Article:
Feeling slightly sheepish today – two discussions yesterday with people about the potential of SenseMaker. One great conversation that lead into discussing multiple uses of a single implementation across different organisations, with some really interesting knock-ons. And one in which I singularly failed to get across much of anything of value. Sadly, the one with the potential client was the latter.
Different people take different approaches in talking about SenseMaker, I’ve noted. And different prospective clients can need different approaches. I’ve developed a general intuitive sense for what works – usually off the back of a conversation to start that helps me understand what people are doing/managing as part of their general work. Clearly yesterday that didn’t happen. (Having passed 45, I suspect I’m experiencing brain play-doh-icitiy.)
I tend to liken SenseMaker to the old Mulla Nasrudin story:
A man was walking home through the village one night, when he came upon the Mulla on his hands and knees searching the ground.
“Are you alright there, Mulla?” he asked.
“I’m just looking for my keys,” came the reply.
“I’m in no hurry, I’ll help.” And with that he joined the Mulla scouting the ground for the keys.
After 10 minutes without any sign, he turned to the Mulla. “Are you sure this is where you dropped them?”
“Oh no – I dropped them at home. But there’s more light here.”
In conversation with Michael Cheveldave last year, we were talking about what a great story that is – and how SenseMaker plays into it.
Many of the projects we’re talking to people about are on things they’re already researching – but in ways that aren’t necessarily effective. The methodology (questionnaires, focus groups) might be slanted. The research design might be too much in favour of a particular hypothesis. But it’s the only way they know how.
“There’s more light here.”
As Michael said, “But with SenseMaker we can floodlight the whole place.” Which is true. And – as we both recognised – would terrify lots of people. A floodlight leaves no room to hide – and can illuminate lots of things that we don’t want to have to deal with yet. Right now, some of the conversations we have focus on “find the keys” – opening up other possibilities at that point may end the conversation.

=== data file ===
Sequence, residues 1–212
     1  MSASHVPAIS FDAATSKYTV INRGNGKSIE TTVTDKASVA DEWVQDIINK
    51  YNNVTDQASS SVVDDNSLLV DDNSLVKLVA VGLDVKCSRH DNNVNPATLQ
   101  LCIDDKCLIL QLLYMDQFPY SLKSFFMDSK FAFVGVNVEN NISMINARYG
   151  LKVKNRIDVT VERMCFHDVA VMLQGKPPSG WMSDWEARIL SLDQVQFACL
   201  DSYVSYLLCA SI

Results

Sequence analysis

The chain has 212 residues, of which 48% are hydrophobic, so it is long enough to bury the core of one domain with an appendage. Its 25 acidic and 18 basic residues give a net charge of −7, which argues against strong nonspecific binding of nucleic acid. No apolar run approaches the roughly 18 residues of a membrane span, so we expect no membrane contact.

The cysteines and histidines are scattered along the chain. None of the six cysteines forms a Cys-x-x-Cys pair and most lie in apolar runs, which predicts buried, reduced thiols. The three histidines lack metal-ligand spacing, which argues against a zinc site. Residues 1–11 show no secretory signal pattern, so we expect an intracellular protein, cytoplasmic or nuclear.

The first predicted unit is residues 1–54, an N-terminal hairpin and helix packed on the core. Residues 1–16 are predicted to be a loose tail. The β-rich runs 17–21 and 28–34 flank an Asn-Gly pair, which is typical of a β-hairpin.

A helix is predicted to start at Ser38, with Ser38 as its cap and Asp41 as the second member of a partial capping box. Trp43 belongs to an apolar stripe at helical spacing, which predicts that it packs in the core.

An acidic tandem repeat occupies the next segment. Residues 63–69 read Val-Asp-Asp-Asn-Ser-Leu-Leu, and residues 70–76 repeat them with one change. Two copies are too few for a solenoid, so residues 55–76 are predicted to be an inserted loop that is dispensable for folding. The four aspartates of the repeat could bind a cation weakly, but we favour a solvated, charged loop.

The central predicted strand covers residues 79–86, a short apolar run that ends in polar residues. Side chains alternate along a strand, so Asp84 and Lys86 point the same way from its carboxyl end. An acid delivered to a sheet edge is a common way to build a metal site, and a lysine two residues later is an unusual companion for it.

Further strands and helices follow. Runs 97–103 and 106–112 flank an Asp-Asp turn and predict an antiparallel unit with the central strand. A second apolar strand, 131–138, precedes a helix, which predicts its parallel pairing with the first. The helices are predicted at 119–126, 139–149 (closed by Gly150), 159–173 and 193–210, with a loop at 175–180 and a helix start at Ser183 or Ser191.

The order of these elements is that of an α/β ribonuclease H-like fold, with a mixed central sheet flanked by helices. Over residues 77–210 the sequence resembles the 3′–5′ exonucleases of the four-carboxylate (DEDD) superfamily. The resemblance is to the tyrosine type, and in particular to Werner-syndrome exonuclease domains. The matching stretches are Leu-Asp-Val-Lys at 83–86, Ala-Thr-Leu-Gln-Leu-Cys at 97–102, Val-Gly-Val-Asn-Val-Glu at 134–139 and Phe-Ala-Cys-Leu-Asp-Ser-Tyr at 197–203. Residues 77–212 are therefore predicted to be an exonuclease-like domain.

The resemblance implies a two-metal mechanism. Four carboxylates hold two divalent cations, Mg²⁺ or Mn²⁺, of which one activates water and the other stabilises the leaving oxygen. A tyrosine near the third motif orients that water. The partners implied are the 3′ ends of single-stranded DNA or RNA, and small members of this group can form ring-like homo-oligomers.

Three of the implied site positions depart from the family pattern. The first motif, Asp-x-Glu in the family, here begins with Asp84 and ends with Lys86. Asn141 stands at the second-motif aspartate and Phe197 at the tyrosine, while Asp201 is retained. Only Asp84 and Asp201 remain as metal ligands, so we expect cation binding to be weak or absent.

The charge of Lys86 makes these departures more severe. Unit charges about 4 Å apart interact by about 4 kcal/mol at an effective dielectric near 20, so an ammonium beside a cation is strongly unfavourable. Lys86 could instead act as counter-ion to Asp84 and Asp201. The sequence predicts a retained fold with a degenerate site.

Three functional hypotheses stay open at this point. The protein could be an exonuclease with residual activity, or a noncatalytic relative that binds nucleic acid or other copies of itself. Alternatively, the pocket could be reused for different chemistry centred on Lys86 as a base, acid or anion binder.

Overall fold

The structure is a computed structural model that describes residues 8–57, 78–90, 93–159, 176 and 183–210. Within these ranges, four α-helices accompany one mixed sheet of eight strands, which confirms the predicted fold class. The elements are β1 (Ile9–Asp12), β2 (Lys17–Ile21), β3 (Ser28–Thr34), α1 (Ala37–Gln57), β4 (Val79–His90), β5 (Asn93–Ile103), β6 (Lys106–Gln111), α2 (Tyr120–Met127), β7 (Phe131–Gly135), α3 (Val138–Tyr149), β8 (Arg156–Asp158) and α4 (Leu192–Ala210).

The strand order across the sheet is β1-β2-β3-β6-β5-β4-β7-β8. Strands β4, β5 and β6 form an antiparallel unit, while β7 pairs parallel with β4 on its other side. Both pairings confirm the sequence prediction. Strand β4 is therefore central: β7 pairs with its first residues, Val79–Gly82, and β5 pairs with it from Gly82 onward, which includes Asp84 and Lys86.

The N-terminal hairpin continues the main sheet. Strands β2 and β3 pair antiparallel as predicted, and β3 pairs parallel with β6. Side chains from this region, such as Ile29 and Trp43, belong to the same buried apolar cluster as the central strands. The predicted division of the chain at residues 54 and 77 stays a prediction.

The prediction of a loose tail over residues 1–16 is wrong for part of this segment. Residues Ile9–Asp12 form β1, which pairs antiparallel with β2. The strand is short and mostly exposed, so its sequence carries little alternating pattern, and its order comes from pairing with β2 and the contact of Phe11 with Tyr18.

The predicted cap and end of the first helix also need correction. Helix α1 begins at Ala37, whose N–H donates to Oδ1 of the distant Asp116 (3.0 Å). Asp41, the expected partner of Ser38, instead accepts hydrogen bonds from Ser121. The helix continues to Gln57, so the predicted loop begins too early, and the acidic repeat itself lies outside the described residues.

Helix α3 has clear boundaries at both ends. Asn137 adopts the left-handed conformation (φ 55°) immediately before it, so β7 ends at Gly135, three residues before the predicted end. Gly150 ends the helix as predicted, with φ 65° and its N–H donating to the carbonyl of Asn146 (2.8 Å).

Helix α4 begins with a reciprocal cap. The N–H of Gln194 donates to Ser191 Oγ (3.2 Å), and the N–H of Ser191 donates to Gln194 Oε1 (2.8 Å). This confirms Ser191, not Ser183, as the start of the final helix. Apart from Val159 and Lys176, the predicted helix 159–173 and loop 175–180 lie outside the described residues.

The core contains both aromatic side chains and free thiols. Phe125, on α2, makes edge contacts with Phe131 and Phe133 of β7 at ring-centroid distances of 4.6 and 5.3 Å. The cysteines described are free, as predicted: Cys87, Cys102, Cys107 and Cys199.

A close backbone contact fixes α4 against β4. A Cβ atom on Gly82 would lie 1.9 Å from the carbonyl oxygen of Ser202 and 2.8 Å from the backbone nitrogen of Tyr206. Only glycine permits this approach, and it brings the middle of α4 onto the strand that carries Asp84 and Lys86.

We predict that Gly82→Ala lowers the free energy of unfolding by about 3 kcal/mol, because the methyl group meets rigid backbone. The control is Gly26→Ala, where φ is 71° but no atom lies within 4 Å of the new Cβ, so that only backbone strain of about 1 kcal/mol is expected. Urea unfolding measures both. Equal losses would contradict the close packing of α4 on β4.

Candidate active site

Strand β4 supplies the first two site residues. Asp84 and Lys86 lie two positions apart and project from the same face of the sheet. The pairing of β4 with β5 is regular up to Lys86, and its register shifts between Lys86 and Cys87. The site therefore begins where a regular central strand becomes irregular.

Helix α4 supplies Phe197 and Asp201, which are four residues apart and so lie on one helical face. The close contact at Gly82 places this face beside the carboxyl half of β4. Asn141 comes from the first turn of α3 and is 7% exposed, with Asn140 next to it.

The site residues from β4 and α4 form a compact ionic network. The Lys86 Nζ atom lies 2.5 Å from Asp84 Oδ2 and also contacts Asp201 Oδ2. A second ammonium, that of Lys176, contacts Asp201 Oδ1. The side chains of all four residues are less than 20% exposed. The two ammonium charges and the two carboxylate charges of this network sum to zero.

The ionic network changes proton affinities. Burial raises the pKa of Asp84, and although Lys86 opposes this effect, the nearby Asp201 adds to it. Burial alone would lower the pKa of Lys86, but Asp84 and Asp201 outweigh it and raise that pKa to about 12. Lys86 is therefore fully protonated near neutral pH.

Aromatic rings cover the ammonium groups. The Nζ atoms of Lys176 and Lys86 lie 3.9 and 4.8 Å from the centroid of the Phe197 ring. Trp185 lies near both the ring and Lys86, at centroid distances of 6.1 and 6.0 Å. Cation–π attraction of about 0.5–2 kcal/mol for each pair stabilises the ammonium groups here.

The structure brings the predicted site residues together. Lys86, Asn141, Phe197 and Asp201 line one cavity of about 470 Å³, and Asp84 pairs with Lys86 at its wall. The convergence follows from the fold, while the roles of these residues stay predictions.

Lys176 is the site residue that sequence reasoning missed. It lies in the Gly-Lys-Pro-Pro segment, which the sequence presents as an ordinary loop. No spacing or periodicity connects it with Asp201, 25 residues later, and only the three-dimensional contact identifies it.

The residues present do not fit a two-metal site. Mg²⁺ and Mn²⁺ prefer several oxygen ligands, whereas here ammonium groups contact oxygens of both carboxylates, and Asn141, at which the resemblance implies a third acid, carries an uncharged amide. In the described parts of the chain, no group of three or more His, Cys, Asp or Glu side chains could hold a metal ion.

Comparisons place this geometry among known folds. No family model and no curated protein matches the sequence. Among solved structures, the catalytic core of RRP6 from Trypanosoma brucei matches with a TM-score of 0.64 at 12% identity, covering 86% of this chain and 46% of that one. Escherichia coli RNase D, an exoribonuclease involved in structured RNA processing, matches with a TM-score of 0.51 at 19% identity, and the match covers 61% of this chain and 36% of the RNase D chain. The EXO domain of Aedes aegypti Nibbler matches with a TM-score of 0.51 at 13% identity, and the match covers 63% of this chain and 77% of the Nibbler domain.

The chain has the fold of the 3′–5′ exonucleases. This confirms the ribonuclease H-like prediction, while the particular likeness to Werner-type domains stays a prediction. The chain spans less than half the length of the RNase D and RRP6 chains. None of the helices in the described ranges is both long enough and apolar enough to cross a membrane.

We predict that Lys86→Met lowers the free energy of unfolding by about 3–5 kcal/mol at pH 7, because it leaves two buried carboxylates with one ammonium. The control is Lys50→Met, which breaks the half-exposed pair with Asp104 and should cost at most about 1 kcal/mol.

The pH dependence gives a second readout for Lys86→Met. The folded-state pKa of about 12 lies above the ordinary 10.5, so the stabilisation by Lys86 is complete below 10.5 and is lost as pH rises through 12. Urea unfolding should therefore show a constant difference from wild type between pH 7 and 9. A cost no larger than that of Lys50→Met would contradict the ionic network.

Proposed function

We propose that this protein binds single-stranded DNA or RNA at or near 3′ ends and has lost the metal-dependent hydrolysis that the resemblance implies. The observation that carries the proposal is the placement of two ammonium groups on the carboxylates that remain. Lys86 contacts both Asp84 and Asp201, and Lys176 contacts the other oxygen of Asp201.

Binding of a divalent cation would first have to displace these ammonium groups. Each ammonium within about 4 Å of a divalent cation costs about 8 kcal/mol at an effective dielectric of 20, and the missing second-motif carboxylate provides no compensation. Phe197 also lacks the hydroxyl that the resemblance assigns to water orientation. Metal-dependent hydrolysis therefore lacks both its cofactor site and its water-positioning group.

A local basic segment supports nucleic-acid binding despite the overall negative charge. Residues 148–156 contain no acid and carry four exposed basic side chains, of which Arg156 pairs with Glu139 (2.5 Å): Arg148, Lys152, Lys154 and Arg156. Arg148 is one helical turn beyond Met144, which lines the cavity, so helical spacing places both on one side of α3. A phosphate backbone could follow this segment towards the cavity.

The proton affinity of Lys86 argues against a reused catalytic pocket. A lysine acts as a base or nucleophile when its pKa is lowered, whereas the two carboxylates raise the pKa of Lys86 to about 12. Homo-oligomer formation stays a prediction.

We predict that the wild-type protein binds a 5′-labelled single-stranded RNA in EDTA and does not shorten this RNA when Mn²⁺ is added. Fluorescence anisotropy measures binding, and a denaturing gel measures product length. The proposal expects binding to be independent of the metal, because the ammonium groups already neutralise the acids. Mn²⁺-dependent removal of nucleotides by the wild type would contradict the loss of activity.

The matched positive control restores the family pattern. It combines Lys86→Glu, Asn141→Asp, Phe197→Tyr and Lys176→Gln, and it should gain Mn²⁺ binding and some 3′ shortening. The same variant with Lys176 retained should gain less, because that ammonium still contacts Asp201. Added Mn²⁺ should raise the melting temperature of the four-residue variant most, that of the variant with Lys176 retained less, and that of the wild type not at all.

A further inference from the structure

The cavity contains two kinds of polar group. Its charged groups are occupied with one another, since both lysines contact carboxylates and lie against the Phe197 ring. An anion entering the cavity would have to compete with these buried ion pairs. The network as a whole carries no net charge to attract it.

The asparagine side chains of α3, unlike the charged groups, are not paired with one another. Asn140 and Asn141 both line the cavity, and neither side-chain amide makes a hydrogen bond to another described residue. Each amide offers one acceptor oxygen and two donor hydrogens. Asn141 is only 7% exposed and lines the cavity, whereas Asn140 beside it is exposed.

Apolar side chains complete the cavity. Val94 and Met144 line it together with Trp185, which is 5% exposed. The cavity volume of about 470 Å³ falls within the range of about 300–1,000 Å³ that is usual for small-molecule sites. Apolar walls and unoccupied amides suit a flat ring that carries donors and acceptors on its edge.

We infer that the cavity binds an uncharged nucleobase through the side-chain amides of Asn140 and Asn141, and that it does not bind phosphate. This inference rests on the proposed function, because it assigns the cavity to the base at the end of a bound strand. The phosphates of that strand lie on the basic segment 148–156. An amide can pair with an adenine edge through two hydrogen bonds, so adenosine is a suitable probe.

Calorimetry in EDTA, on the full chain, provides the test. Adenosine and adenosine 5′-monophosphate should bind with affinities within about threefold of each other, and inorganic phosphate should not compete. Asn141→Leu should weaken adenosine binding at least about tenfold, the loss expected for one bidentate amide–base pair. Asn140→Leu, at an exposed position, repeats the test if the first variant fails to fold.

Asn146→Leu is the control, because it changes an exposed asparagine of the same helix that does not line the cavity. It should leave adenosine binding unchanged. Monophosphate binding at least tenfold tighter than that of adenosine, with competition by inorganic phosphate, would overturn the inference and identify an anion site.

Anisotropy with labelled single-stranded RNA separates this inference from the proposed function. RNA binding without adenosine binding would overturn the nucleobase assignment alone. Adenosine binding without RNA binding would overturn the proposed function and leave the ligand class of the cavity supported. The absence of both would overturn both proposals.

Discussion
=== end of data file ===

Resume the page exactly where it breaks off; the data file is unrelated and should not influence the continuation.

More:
Alternatively, there are those who operate at a far higher level – particularly strategists and senior policymakers. For them, the lost keys are merely symptomatic of an underlying issue. A conversation then about the potential electrification of the village can ensue – straying even into using electricity for things other than lighting… These are the conversations I love best – but it doesn’t mean I can turn every conversation into one of these.
And then, of course, there are those who like to take the scientific approach – let’s take it to the excitation of atoms to produce photons. The excitation is derived from the movement of electrons…and so on.
There’s no single way to talk or pitch a project – other than that to tune in to the person on the other side of the conversation and adjust accordingly. That can be difficult, particularly when we’ve got visions of what SenseMaker should be doing – ideas that we’ve just discovered for ourselves, so are determined to bring others into.
The trick is to carry that enthusiasm for what we’ve thought of, but apply to what the other person is ready to hear. To push the edges of that, but recognise when we’ve crossed a boundary they are unwilling to cross yet.
Before now, I’ve managed to get someone energised and kept going – talked to them about other elements to build in. And before I knew it, I’d come out the other side of a successful conversation into one that had failed.
Sometimes it’s better to start with a torch that can help just find their keys…
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